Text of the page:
Istanbul City Guide: The Best Things to See and Do

The magical place where East meets West, Istanbul is a mesmerizing destination and one of the most intoxicating cities in the whole world.


It’s difficult to pick out the top sights in Istanbul when this spectacular city of contrasts is blessed with innumerable attractions to delight all visitors. Not only is it a place of enormous historical importance but it’s also a haven for tourists and the only city on earth that is in both Europe and Asia. Filled with layer upon layer of culture, history and fantastic food, Istanbul is a dream destination and a fascinating mix of the ancient and modern worlds.


If you want to make your time in Istanbul hard to forget, read our guide to discover which attractions and experiences are a must.

Blue Mosque

Without question, you’ll be blown away by the beauty of the Blue Mosque, with its curvaceous exterior and six minarets that stand proudly over the old city of Istanbul. Built between 1609 and 1616, this architectural masterpiece gets its name from the thousands of handmade blue tiles that adorn the walls of the interior. The Blue Mosque is a UNESCO World Heritage Site and a hugely popular tourist attraction, admired by pretty much every single person who visits Istanbul. Otherwise known as the Sultan Ahmed Mosque, the Blue Mosque is still an active mosque and one of the most iconic religious buildings on the planet. 

Hagia Sophia

A ridiculously impressive example of Byzantine art and construction, Hagia Sophia is an enormous architectural marvel that sits immediately opposite the Blue Mosque. It was used as a Greek Orthodox Christian church for 916 years before it was converted into a mosque, but it now serves as a magnificent museum and has done so since 1935. Hagia Sophia never fails to impress with its giant spherical dome, huge interior, and colorful mosaics that were created over several centuries. Having been home to various cultures and religions, the Hagia Sophia is truly unique and easily one of Istanbul’s most majestic monuments.

The Grand Bazaar

With over 4000 shops and 60 covered streets, Istanbul’s Grand Bazaar will not disappoint the shopaholic or culture buff. It’s one of the city’s main attractions, and you can easily spend hours exploring the thousands of stalls and kiosks selling everything from Turkish delight, colorful lanterns and local crafts to beautiful rugs, clothes and gorgeous jewelry. The Grand Bazaar is a buzzing place with a staggering variety of merchandise, and getting lost in the labyrinth of scents and spices as you browse the myriad of goods on display is all part of the authentic experience. Oh, and don’t forget to haggle for souvenirs whilst immersing yourself in the local culture.

Bosphorus Cruise

A cruise on the sparkling blue waters of the Bosphorus is high on most tourist’s itineraries because it’s just one of those things you simply must do when in Istanbul. Even when you have little time to spend in the city, a cruise is still one of the best things to experience as it’s a fantastic way to marvel at various landmarks from a different view and see Istanbul in all its glory. And as the Bosphorus strait divides two continents, you’ll get the chance to see both the European and Asian sides of the city. What’s more, it’s a good excuse to sit down and rest those feet for a few hours before, after or during a day of sightseeing.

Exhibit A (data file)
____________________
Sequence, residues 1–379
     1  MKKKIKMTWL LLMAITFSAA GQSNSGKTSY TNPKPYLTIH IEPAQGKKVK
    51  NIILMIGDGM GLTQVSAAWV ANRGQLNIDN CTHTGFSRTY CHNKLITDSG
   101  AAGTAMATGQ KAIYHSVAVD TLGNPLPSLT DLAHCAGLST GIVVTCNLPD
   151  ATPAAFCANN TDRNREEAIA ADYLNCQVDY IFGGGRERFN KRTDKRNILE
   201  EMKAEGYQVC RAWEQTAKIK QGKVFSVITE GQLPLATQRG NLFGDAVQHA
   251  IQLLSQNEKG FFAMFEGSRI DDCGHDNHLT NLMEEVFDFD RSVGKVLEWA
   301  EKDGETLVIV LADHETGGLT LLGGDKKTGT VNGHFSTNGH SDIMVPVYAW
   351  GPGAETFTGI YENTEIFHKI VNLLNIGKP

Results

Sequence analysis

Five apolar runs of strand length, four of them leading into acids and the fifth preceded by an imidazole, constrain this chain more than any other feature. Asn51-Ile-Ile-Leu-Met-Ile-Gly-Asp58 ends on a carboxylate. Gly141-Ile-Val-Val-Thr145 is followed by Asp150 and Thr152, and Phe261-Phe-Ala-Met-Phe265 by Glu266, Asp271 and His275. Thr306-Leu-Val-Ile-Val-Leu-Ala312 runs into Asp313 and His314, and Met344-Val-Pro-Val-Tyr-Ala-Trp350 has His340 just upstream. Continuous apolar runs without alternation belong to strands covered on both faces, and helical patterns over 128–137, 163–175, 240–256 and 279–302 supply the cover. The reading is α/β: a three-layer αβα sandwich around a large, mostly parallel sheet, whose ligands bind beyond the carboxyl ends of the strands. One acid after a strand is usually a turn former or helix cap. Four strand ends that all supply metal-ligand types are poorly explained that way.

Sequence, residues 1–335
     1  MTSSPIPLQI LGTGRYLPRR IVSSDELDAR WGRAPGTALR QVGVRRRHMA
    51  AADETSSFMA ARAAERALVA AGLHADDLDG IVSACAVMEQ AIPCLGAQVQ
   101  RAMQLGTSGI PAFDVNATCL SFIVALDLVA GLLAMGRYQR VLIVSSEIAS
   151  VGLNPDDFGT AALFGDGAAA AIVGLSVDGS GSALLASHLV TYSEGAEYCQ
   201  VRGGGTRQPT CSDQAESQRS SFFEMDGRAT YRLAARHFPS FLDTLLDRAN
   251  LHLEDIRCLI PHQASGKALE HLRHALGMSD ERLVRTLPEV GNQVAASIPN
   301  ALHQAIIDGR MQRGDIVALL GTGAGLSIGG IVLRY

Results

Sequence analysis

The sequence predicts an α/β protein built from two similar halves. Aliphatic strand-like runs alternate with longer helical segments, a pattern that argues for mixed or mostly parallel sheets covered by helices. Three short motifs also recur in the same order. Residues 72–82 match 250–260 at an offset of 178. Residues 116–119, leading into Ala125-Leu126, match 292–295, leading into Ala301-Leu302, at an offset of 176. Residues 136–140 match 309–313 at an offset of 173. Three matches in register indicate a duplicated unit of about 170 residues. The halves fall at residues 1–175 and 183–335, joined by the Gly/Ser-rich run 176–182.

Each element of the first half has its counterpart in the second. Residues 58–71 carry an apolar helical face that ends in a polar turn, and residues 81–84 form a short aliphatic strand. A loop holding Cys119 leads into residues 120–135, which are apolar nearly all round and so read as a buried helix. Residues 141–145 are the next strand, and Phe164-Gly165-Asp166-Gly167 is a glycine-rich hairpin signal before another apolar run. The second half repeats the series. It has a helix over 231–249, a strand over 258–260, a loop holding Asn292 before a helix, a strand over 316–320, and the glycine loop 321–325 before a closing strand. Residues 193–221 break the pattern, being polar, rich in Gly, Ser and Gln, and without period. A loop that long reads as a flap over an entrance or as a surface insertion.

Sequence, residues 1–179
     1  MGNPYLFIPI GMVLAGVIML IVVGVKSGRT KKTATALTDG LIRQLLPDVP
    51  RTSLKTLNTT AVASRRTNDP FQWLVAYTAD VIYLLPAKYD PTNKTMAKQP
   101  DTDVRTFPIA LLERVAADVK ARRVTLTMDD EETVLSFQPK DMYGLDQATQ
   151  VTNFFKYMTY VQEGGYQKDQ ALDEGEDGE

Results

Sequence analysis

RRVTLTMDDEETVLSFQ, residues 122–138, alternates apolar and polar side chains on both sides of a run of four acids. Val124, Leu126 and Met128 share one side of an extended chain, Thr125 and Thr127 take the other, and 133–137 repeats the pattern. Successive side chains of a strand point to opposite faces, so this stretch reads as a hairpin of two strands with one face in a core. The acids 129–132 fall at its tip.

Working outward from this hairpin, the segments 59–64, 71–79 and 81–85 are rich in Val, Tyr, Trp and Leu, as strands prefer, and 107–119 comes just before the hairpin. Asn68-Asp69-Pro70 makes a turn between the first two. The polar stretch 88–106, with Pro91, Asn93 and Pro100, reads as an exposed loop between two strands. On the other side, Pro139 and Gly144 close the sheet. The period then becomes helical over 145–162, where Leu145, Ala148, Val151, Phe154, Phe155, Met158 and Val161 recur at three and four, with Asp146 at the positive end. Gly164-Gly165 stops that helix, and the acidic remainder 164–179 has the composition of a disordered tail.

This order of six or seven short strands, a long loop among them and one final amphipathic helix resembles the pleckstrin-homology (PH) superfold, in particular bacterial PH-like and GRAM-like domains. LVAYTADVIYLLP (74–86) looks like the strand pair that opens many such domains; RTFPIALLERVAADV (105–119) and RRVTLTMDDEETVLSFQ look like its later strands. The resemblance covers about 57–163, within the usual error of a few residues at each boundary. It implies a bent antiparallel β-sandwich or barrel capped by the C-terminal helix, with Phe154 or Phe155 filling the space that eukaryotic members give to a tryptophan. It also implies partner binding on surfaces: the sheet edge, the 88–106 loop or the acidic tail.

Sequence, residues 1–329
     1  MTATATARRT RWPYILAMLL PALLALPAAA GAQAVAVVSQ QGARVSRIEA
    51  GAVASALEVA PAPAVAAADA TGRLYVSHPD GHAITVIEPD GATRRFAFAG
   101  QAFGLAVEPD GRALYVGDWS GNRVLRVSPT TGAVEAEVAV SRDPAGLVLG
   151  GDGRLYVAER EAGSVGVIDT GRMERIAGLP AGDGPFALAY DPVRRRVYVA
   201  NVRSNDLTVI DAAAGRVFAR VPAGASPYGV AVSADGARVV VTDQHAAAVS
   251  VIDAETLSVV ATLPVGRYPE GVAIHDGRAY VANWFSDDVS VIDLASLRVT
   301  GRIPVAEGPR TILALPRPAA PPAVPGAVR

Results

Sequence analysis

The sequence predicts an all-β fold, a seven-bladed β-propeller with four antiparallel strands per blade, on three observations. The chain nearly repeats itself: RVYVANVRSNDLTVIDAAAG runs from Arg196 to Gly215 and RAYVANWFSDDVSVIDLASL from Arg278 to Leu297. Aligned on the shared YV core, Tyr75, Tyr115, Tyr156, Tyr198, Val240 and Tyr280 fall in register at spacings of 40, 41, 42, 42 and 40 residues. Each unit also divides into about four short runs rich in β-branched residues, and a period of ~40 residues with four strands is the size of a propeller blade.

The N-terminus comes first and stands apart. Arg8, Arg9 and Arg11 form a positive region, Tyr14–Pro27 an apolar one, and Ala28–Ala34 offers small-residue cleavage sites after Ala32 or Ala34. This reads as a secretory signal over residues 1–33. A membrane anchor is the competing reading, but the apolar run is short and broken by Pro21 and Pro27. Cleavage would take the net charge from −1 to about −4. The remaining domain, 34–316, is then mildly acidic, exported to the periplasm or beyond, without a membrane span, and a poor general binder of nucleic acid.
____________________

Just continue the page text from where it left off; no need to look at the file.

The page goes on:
Hippodrome of Constantinople

Located in what is now known as Sultanahmet Square in modern-day Istanbul, the Hippodrome of Constantinople used to be a public area that was used for chariot racing throughout the Byzantine period. The Hippodrome could accommodate up to 50,000 people, and traces of the old racecourse are still visible today. Now a landscaped city park called the Ay Meydani (Horse Grounds), the Hippodrome remains a popular meeting area in Istanbul’s historic district. Monuments that decorate this area include the Egyptian Obelisk of Theodosius, Serpent Column, Walled Obelisk and German Fountain.

Topkapi Palace

Once used as the administrative center of the Ottoman Empire and the primary residence of Ottoman Sultans between the 15th and 19th century, Topkapi Palace will amaze you with its harem (living quarters and private zone of the palace) and imperial collections. The palace, which is now a museum, is located on top of Istanbul’s most visible hill and based around four main courtyards, each serving a different purpose and containing gardens and imperial quarters. As the world’s largest and oldest surviving palace, Topkapi occupies an area of 700,000 square meters and offers breathtaking views of the Golden Horn, the Bosphorus and the Sea of Marmara.

Cistern of Philoxenos

Constructed in the 4th century, the Cistern of Philoxenos, or the Sunken Palace, is an astounding man-made subterranean reservoir and one of Istanbul’s hidden gems. While there are several underground water reservoirs in the center of the city, this one is a joy to visit because it doesn’t attract big crowds. The cistern is built on 224 columns that stand over 10 meters tall, most of which still feature masons’ marks. These days, the Cistern of Philoxenos hosts periodic cultural events, such as concerts and art exhibitions. 

Haven’t already booked a cruise that travels to Istanbul? Book our 7-Night Eclectic Aegean Cruise and you can enjoy an overnight stay in this mystical city.